Information Technology Landscape in Mongolia

 

 


Welcome to the “Information Technology Landscape of Mongolia" web site created as part of the second year MBA course "Impacts of National Information Technology Environments on Business" of the Management of Global Information Technology (MOGIT) program at American University, in Washington D.C.

The goal of this site is to provide the visitor a clear picture of Information Technology in Mongolia and the impact it has on the country’s business. To accomplish this, detailed information on each topic located on the navigation bar on your left is provided.

  

        

Source: Lonely Planet



Overview:

The Information Technology (IT) environment in Mongolia is very much a work-in-progress. Until the mid-1990s, the telecommunications infrastructure, which is currently one of the most important tools for IT and information access in a country, was a poorly maintained system with poor access in urban areas and nearly nonexistent access in rural areas. The privatization of the state-owned system and subsequent liberalization of the telecommunications market has led to radical shifts in the Mongolian IT environment. Privatization and liberalization are discussed as a specific section of this report, but readers will also note repeated references to them throughout the report. In addition to enacting privatization legislation, the Mongolian government has been active in passing other laws to ensure data privacy, electronic commerce safety and ease, and encouragement of IT use to promote and improve the industry.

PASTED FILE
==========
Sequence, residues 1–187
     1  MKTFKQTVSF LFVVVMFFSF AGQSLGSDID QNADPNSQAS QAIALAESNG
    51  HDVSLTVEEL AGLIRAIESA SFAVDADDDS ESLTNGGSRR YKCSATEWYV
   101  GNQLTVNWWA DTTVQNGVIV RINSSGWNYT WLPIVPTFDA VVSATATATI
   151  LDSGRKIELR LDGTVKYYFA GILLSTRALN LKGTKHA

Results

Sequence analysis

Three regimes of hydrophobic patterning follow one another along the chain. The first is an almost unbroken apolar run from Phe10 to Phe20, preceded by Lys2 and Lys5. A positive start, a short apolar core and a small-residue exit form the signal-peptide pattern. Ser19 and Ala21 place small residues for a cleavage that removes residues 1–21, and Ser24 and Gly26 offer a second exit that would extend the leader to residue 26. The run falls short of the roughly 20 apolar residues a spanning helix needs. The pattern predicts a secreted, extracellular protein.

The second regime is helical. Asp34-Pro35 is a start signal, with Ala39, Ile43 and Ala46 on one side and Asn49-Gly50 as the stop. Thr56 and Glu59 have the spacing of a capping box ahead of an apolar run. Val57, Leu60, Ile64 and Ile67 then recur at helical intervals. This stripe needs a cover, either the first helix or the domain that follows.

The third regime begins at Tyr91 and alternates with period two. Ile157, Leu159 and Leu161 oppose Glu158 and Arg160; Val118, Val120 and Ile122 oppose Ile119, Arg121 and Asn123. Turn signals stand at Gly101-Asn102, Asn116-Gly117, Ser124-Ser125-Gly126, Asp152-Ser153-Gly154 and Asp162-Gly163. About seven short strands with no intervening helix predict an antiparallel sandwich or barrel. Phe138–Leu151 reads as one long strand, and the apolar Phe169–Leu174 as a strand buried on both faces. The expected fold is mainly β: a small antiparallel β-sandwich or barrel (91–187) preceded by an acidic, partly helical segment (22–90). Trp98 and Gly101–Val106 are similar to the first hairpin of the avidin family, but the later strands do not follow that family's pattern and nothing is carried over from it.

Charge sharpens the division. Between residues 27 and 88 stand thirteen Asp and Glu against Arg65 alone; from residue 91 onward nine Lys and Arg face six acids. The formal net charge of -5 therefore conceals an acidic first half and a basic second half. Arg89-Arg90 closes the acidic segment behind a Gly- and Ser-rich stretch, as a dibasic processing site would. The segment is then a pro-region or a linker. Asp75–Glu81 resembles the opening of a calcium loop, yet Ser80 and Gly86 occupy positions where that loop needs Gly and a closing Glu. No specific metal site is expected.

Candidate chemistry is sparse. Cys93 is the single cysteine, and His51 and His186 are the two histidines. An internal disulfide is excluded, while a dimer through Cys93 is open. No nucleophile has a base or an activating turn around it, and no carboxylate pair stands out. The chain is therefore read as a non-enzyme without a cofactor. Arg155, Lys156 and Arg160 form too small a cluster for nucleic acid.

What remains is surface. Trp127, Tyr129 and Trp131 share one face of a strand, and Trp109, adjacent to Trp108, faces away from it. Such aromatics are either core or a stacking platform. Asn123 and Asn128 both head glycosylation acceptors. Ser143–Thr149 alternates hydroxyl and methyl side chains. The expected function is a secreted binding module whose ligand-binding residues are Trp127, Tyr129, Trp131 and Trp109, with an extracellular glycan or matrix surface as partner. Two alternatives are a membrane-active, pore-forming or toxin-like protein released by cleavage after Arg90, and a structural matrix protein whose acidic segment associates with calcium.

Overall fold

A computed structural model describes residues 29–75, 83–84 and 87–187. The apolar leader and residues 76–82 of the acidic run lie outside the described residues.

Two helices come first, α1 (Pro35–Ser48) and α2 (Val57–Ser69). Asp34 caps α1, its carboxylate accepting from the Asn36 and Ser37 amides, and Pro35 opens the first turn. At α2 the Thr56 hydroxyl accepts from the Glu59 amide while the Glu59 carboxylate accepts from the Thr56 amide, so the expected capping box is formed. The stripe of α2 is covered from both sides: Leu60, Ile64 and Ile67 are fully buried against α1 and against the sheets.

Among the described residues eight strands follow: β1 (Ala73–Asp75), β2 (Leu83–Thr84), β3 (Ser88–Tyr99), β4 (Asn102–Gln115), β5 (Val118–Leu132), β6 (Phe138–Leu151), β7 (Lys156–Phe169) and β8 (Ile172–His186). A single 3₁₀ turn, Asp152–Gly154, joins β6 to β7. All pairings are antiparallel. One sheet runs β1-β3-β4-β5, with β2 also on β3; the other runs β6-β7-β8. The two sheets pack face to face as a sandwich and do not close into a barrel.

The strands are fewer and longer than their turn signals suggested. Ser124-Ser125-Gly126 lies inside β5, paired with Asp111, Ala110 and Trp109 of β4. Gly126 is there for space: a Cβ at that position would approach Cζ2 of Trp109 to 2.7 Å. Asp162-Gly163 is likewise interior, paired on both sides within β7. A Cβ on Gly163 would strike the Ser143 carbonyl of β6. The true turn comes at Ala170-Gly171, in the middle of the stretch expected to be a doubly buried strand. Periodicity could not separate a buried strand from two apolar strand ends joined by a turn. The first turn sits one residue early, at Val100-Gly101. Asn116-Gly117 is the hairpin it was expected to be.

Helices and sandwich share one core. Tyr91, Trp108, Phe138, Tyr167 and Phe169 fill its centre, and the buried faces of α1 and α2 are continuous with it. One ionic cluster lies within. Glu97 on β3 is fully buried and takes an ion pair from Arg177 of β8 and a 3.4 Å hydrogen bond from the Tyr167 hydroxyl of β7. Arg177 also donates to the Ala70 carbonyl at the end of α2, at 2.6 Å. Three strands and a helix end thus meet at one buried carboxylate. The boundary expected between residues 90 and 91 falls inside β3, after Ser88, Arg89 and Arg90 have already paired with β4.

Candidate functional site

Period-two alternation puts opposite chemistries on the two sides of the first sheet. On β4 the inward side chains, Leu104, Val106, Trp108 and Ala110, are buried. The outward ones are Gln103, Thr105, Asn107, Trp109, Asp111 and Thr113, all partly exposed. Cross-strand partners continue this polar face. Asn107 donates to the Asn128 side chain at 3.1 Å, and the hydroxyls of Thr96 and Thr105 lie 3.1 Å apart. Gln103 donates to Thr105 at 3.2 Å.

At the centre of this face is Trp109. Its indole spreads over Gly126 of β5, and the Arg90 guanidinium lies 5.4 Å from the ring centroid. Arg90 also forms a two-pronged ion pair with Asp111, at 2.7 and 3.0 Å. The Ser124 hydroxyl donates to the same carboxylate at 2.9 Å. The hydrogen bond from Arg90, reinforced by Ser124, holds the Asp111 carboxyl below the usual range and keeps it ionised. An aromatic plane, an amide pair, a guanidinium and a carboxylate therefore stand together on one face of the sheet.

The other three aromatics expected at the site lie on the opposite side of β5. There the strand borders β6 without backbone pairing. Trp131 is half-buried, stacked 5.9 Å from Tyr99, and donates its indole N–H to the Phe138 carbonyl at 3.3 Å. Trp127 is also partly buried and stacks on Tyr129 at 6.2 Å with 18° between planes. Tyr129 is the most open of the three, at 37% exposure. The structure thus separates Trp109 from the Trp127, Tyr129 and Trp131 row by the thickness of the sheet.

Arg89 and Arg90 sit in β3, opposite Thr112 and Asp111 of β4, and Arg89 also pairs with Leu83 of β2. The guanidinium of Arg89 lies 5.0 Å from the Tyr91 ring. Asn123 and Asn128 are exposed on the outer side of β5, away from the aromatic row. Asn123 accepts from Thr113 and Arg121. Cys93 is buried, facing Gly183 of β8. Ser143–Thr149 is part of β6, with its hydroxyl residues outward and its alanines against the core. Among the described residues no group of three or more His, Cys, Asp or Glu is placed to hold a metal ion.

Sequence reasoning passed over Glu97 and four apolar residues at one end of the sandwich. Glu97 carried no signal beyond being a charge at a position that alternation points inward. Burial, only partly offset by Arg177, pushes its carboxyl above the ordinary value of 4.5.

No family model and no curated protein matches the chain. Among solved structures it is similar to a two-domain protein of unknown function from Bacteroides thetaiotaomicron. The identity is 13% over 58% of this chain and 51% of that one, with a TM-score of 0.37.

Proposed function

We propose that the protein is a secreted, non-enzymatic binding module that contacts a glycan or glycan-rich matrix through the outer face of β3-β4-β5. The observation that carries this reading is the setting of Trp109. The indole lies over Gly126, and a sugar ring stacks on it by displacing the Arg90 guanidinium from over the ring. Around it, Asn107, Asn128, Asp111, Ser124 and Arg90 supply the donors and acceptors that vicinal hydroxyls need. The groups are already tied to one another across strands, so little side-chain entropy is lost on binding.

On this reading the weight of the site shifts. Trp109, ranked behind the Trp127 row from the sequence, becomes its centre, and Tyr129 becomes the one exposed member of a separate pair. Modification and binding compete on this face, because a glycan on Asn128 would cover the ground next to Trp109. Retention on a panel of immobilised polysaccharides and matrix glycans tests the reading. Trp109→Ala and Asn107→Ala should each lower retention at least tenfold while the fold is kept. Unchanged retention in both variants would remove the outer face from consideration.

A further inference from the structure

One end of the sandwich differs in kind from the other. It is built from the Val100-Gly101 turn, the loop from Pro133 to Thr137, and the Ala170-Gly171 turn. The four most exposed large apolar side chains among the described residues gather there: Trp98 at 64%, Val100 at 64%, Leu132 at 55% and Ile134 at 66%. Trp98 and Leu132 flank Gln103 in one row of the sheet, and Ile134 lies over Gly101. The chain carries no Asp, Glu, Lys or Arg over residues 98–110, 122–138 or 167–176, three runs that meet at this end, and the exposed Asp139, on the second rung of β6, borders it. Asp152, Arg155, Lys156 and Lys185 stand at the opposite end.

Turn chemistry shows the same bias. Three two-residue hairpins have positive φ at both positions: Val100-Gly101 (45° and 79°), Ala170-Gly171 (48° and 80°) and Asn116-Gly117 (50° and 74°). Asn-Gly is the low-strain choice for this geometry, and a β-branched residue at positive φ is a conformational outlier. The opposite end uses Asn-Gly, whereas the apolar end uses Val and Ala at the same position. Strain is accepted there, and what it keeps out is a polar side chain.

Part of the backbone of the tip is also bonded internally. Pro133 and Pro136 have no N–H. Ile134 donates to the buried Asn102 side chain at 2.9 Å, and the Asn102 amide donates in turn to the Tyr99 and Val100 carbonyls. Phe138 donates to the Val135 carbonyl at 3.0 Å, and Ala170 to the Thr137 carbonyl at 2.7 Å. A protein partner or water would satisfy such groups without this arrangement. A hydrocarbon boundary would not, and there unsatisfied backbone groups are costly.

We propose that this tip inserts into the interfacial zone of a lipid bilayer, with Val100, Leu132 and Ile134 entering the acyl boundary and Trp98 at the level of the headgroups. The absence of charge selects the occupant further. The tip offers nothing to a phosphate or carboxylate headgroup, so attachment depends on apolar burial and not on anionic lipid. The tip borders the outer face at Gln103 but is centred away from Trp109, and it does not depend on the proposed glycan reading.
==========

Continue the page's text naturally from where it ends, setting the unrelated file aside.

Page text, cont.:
Mongolia has limited business applications of IT, including hardware and software manufacturing and electronic commerce. Hardware manufacturing shows little hope of rapid growth in the near future, but the software manufacturers have found niche markets for customized software, and electronic commerce is projected to grow rapidly in Mongolia, as in many other developing nations. Minimal information was available with respect to the IT-readiness of Mongolia's workforce, but promising trends are apparent in literacy and education.

  

Country Background Information24

Population (2002): 2.7 million
Location: Northern Asia, between China and Russia
Geographic coordinates: 46 00 N, 105 00 E
Area: total: 1.565 million sq km land: 1.565 million sq km water: 0 sq km
Area - comparative: slightly smaller than Alaska
Land boundaries: total: 8,114 km border countries: China 4,673 km, Russia 3,441 km
Climate: desert; continental (large daily and seasonal temperature ranges)
Terrain: vast semidesert and desert plains, mountains in west and southwest, Gobi Desert in southeast
Natural resources: oil, coal, copper, molybdenum, tungsten, phosphates, tin, nickel, zinc, wolfram, fluorspar, gold
Land use: arable land: 1% permanent crops: 80% forests and woodland: 9% other: 10% (1993)
Natural hazards: dust storms can occur in the spring, grassland fires
Environment: Limited natural fresh water resources; policies of the former communist regime promoting rapid urbanization and industrial growth have raised concerns about their negative effects on the environment; the burning of soft coal in power plants and the lack of enforcement of environmental laws have severely polluted the air in Ulaanbaatar; deforestation, overgrazing, the converting of virgin land to agricultural production have increased soil erosion from wind and rain; desertification and mining activities have also had a deleterious effect on the environment



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Last update: December 11, 2003 by Daniel H. Park.

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